OAKLAND -- Accused Oikos University gunman One L. Goh covered his face with his hands and cried and said he is "deeply sorry" about the shooting that left seven dead in the largest mass killing in the city's history, according to an interview aired Wednesday on CBS 5.
"Families are so angry with me," Goh told reporter Juliette Goodrich. "(But) if I tell them sorry, it doesn't bring anybody back.
"That word doesn't help," Goh said, according to the exclusive interview broadcast on the 5 p.m. newscast.
Goodrich said she spoke to Goh through a glass partition and via a telephone at Santa Rita Jail in Dublin for about 15 minutes Wednesday. Goh decided on his own to speak with the reporter without his attorney present, Goodrich said. And while the 43-year-old Oakland man revealed nothing new about the incident, the interview gave a small glimpse into some of his thoughts.
The interview came even as new details emerged about the April 2 shooting. Law enforcement sources said Goh knew some of the students at the school that day, but not all. He spared the lives of people he liked or those who had not given him any problems, the sources said.
Goh is accused of storming through an Oikos classroom, ordering nursing students there to line up against a wall and then -- angry because they weren't moving fast enough -- opening fire with a .45-caliber handgun that he had purchased, legally, a few weeks earlier.
In the interview, Goh said
"I have an attorney. I have told him everything," Goh said, according to Goodrich. "He advised me not to talk, but I am sorry."
Goodrich said Goh declined to speak about specific targets in the shooting or what sparked it. "You never know what you will do one day ... or what your mind will do," Goh said, according to the CBS report.
Goh, a divorced father who has lost several jobs over the past few years and was in debt, was studying to be a nurse with money from his father, who lives in a senior facility in Oakland. Why Goh left the college in November and then sparred with the administration after he tried to recoup some or all of his $6,000 tuition remains unknown, police said.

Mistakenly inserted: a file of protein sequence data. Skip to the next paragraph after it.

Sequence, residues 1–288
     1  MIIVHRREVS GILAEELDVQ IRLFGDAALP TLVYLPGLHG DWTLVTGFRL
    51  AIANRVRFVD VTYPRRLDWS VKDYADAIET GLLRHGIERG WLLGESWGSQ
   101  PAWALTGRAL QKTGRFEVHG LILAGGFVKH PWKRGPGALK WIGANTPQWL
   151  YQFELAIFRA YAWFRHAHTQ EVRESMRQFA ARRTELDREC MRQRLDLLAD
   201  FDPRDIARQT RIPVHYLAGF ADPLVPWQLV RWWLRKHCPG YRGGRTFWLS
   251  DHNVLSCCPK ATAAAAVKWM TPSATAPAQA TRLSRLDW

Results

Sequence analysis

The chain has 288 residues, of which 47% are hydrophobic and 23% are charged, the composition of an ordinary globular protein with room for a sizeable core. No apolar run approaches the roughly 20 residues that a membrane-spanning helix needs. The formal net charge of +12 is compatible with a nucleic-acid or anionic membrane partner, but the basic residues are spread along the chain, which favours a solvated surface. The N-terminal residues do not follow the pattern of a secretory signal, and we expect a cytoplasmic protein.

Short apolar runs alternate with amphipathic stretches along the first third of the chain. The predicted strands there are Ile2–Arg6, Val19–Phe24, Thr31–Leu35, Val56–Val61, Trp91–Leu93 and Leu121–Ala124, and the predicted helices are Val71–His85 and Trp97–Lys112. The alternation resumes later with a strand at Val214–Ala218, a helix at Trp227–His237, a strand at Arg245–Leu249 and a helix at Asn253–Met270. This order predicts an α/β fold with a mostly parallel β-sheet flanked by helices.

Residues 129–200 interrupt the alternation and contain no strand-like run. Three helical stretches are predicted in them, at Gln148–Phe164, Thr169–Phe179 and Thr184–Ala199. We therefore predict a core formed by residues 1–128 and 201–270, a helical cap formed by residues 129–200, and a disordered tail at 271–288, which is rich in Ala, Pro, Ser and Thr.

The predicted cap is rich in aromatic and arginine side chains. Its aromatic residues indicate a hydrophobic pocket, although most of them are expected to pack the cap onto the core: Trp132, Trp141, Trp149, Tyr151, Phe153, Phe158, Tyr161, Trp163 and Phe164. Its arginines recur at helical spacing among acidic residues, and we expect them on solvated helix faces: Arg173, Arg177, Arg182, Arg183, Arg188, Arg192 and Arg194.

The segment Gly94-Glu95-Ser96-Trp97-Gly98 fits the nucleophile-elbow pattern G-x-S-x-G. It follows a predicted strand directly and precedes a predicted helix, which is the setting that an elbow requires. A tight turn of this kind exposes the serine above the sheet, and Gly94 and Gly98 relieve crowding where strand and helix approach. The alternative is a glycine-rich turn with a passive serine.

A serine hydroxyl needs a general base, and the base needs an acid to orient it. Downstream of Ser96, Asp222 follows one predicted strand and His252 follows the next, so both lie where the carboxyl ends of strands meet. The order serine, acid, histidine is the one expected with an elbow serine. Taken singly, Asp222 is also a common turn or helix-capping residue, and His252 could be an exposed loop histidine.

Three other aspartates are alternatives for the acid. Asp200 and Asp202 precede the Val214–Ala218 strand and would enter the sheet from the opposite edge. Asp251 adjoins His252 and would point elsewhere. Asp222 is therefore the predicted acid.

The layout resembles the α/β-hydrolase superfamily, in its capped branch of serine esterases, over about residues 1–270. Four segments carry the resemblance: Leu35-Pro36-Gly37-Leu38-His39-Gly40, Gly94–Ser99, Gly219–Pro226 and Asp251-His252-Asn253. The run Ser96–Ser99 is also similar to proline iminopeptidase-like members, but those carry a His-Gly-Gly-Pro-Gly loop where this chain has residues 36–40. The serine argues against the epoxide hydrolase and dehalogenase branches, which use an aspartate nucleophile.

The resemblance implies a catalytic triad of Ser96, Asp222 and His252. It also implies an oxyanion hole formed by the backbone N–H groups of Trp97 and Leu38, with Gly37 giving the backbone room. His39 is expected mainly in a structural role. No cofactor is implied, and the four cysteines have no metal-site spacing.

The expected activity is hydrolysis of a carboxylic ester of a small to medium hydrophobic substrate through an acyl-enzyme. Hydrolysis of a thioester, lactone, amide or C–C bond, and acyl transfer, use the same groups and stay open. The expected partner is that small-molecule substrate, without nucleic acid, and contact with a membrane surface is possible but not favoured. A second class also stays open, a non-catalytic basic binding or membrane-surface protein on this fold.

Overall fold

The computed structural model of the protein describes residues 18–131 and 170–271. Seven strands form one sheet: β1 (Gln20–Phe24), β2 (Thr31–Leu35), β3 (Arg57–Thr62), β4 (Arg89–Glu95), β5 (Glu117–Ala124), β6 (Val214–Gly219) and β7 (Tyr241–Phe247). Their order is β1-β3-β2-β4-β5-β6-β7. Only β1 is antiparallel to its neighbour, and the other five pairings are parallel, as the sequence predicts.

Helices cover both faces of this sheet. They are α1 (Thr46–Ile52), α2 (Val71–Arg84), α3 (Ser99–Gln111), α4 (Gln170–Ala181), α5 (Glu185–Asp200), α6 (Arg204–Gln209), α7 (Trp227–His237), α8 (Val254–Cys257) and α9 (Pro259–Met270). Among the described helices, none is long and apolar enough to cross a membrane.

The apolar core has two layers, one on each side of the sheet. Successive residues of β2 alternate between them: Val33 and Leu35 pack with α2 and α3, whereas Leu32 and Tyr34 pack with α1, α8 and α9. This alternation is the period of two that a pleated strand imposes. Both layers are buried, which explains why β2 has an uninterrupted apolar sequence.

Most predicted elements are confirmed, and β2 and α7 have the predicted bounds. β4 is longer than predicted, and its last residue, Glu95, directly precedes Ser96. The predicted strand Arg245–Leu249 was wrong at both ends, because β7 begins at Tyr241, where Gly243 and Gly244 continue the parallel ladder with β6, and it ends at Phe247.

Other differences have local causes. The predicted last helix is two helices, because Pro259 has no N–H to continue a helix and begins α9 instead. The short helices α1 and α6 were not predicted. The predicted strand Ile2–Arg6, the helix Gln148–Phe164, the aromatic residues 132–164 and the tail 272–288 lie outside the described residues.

"I was studying to be a nurse ... but it didn't happen," Goh told Goodrich. "It is complicated to explain."
Goh also spoke of his mistrust of people, saying "they say one thing" but are "thinking something else," and said he wants to see his relatives.
"I want to see my family, but I think they don't want to see me. I don't know," he said, according to the interview.
Both Goh's mother, who lived in his home country of South Korea, and his brother, a decorated Iraq War veteran, died last year. His brother, an Army sergeant stationed in Germany, was killed in a car crash in March 2011 while attending training in Virginia. The cause of his mother's death is not known.
Goh remains in Santa Rita on a no bail hold and is charged with seven counts of murder, three counts of attempted murder, one count of kidnapping and one count of carjacking. Killed in the Oikos shooting were Katleen Ping, 21, of Oakland; Lydia H. Sim, 21, of Hayward; Sonam Choedon, 33, of El Cerrito; Grace Kim, 23, of Union City; Tshering Rinzing Bhutia, 38, of San Francisco; Judith O. Seymour, 53, of San Jose; and Doris Chibuko, 40, of San Leandro. Three others were injured.
Although Goh has told investigators that his classmates teased him over his broken English and older age and started ignoring him, Goodrich said Goh spoke English clearly. She said in an interview with KCBS radio that his eyes were red and his hands were "always over his face, as if he was remorseful."
Goh was in court April 4, but did not enter a plea. His next court hearing is April 30, when he is expected to enter a plea.